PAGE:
nt by Aronson and Mills (1959) demonstrates the basic idea.
Aim
To investigate the relationship between dissonance and effort.
Method
Female students volunteered to take part in a discussion on the psychology of se
x. In the 'mild embarrassment' condition, participants read aloud to a male expe
rimenter a list of sex-related words like 'virgin' and 'prostitute'.
In the 'severe embarrassment' condition, they had to read aloud obscene words an
d a very explicit sexual passage. In the control condition, they went straight i
nto the main study. In all conditions they then heard a very boring discussion a
bout sex in lower animals. They were asked to rate how interesting they had foun
d the discussion, and how interesting they had found the people involved in it.
Results
Participants in the 'severe embarrassment' condition gave the most positive rati
ng.
Conclusion
If a voluntary experience which has cost a lot of effort turns out badly, disson
ance is reduced by redefining the experience as interesting. This justifies the
effort made.
Critical Evaluation
There has been a great deal of research into cognitive dissonance, providing som
e interesting and sometimes unexpected findings. It is a theory with very broad
applications, showing that we aim for a consistency between attitudes and behavi
ors, and may not use very rational methods to achieve it. It has the advantage o
f being testable by scientific means (i.e. experiments).
However, there is a problem from a scientific point of view, because we cannot p
hysically observe cognitive dissonance, and therefore we cannot objectively meas
ure it (re: behaviorism). Consequently, the term cognitive dissonance is somewha
t subjective.
There is also some ambiguity (i.e. vagueness) about the term 'dissonance' itself
. Is it a perception (as 'cognitive' suggests), or a feeling, or a feeling about

a perception? Aronson's revision of the idea of dissonance as inconsistency bet


ween a person's self-concept and a cognition about their behavior makes it seem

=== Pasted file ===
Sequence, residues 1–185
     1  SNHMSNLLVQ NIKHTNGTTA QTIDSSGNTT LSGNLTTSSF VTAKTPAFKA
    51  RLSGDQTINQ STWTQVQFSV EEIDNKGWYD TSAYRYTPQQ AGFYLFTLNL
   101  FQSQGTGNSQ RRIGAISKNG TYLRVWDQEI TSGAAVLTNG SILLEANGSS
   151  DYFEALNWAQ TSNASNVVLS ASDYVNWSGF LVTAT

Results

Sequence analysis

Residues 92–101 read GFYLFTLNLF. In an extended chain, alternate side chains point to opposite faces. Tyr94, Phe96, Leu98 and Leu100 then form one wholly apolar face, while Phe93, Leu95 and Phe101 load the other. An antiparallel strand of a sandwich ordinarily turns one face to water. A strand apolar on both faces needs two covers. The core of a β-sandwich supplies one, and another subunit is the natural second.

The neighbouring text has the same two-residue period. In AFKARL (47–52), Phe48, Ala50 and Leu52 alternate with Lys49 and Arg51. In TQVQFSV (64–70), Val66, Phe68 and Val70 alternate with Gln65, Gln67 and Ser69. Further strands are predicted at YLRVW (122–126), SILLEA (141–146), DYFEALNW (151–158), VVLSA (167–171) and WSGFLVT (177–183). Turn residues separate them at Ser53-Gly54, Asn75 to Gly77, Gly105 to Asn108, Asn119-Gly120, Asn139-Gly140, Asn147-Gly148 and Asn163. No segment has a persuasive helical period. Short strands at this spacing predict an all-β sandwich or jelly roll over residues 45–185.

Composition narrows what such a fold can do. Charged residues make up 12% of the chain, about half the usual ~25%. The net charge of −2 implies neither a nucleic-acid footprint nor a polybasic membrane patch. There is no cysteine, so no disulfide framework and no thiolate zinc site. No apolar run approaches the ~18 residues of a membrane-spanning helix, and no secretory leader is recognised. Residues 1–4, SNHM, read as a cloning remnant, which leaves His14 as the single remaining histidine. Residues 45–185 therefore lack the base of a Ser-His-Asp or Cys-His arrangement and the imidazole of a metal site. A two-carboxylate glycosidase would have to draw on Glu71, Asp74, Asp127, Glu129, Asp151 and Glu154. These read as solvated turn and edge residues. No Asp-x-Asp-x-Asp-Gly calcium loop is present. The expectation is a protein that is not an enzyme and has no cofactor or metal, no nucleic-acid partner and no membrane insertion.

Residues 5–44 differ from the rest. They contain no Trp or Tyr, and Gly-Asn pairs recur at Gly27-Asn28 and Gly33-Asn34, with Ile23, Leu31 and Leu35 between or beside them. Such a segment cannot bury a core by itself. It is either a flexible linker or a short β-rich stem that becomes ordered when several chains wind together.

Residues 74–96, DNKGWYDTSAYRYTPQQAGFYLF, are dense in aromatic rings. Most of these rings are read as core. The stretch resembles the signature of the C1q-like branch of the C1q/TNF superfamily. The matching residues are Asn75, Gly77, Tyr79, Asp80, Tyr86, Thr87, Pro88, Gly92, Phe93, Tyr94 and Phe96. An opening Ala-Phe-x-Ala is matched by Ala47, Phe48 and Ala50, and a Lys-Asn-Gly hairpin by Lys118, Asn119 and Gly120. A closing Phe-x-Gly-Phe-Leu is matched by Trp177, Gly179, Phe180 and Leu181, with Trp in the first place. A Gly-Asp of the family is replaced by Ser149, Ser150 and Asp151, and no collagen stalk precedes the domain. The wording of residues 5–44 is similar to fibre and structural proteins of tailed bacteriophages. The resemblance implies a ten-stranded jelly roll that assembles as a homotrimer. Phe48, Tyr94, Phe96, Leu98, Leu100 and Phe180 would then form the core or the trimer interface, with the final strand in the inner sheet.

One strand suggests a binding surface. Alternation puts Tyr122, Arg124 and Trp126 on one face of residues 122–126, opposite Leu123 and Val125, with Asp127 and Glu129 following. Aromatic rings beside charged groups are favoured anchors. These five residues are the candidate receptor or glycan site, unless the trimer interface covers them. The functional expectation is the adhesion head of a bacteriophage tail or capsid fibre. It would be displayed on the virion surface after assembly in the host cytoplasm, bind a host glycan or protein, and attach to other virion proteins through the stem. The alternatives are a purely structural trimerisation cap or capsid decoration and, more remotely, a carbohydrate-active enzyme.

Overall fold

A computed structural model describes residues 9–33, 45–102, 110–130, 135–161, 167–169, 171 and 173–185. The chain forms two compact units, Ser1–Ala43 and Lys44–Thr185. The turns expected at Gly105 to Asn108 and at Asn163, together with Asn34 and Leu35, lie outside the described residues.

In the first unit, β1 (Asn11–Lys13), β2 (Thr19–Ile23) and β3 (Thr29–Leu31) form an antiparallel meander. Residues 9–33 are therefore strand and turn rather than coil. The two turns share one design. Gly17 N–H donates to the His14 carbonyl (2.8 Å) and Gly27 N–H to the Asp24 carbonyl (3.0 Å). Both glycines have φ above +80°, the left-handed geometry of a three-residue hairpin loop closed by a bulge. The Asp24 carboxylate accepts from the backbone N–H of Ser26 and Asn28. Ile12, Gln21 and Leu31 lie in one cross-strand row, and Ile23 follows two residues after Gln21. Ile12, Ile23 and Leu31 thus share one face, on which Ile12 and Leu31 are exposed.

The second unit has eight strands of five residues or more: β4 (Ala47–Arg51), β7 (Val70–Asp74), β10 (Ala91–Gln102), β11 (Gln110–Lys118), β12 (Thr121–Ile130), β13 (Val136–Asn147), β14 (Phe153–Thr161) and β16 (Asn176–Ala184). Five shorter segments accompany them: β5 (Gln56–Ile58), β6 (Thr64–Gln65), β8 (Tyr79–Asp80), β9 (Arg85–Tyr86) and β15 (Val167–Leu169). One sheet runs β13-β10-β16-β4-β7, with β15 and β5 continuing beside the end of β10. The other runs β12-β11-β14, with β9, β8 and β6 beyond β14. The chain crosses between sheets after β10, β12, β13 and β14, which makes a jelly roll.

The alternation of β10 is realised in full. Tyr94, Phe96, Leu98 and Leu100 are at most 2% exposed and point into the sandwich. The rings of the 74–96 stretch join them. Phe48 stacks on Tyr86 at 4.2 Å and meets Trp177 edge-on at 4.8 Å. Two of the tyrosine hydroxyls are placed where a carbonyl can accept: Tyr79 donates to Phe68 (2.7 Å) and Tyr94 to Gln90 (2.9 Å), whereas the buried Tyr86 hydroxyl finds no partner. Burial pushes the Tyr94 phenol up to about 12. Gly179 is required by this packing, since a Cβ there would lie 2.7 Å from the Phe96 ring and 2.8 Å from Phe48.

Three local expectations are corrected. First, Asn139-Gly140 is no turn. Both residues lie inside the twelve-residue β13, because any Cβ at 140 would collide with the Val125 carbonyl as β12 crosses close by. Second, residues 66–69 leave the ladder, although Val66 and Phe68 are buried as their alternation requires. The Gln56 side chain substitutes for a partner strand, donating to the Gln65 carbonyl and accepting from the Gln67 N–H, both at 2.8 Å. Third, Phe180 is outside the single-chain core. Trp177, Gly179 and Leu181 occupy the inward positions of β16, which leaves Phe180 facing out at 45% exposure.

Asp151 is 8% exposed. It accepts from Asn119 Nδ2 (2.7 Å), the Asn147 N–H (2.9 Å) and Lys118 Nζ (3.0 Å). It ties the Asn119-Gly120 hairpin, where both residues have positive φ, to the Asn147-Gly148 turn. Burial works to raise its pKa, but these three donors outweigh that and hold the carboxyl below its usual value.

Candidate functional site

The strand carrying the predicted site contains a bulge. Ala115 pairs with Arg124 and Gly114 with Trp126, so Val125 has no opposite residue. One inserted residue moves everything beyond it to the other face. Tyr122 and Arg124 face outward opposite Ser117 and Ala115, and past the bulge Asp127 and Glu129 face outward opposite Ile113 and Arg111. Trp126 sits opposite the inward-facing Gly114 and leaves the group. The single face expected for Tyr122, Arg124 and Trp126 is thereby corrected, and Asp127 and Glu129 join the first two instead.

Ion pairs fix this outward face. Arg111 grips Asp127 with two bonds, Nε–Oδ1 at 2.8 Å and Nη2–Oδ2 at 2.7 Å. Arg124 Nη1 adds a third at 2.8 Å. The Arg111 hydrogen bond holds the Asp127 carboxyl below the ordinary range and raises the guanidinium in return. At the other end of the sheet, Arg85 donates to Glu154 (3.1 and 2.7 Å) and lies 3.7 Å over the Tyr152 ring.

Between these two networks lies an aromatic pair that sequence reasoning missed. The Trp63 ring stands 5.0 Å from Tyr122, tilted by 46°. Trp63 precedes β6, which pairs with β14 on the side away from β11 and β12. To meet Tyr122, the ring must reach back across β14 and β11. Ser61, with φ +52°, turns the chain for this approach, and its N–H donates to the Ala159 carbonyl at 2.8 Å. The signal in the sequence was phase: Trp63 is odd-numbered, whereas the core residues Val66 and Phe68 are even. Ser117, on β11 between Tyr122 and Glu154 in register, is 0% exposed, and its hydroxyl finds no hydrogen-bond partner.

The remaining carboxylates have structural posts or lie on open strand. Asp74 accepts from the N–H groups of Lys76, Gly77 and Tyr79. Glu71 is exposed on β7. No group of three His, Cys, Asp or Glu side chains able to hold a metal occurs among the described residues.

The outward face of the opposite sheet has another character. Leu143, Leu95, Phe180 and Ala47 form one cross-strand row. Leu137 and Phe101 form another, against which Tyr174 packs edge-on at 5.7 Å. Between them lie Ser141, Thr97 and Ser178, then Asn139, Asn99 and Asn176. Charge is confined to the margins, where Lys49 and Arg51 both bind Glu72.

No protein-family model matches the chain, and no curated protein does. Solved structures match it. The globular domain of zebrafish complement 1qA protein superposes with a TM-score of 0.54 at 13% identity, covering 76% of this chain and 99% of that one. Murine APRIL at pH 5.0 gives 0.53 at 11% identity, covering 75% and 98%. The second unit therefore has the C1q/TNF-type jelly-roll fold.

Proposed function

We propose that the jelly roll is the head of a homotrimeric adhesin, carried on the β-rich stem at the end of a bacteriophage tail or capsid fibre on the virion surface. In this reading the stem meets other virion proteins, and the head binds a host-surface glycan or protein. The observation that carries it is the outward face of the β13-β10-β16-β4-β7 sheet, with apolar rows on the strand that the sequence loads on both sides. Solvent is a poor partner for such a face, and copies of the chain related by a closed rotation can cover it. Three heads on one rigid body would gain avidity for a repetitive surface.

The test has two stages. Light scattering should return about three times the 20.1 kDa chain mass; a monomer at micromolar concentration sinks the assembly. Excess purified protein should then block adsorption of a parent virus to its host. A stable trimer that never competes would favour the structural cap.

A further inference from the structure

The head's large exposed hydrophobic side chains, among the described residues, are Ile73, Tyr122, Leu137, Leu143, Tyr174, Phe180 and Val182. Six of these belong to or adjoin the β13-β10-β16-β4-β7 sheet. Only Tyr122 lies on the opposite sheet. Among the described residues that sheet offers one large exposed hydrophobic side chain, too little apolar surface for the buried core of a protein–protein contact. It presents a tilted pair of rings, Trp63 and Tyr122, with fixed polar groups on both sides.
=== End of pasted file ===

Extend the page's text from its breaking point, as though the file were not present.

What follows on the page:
likely that dissonance is really nothing more than guilt.
There are also individual differences in whether or not people act as this theor
y predicts. Highly anxious people are more likely to do so. Many people seem abl
e to cope with considerable dissonance and not experience the tensions the theor
y predicts.
Finally, many of the studies supporting the theory of cognitive dissonance have
low ecological validity. For example, turning pegs (as in Festinger's experiment
) is an artificial task that doesn t happen in everyday life. Also, the majority o
f experiments used students as participants, which raise issues of a biased samp
le. Could we generalize the results from such experiments?
References
Aronson, E., & Mills, J. (1959). The effect of severity of initiation on liking
for a group. The Journal of Abnormal and Social Psychology, 59(2), 177.
Brehm, J. W. (1956). Postdecision changes in the desirability of alternatives. T
he Journal of Abnormal and Social Psychology, 52(3), 384.
Festinger, L. (1957). A Theory of cognitive dissonance. Stanford, CA: Stanford U
niversity Press.
Festinger, L. (1959). Some attitudinal consequences of forced decisions. Acta Ps
ychologica, 15, 389-390.
Festinger, L. (Ed.). (1964). Conflict, decision, and dissonance (Vol. 3). Stanfo
rd University Press.
Festinger, L., & Carlsmith, J. M. (1959). Cognitive consequences of forced compl
iance. The Journal of Abnormal and Social Psychology, 58(2), 203.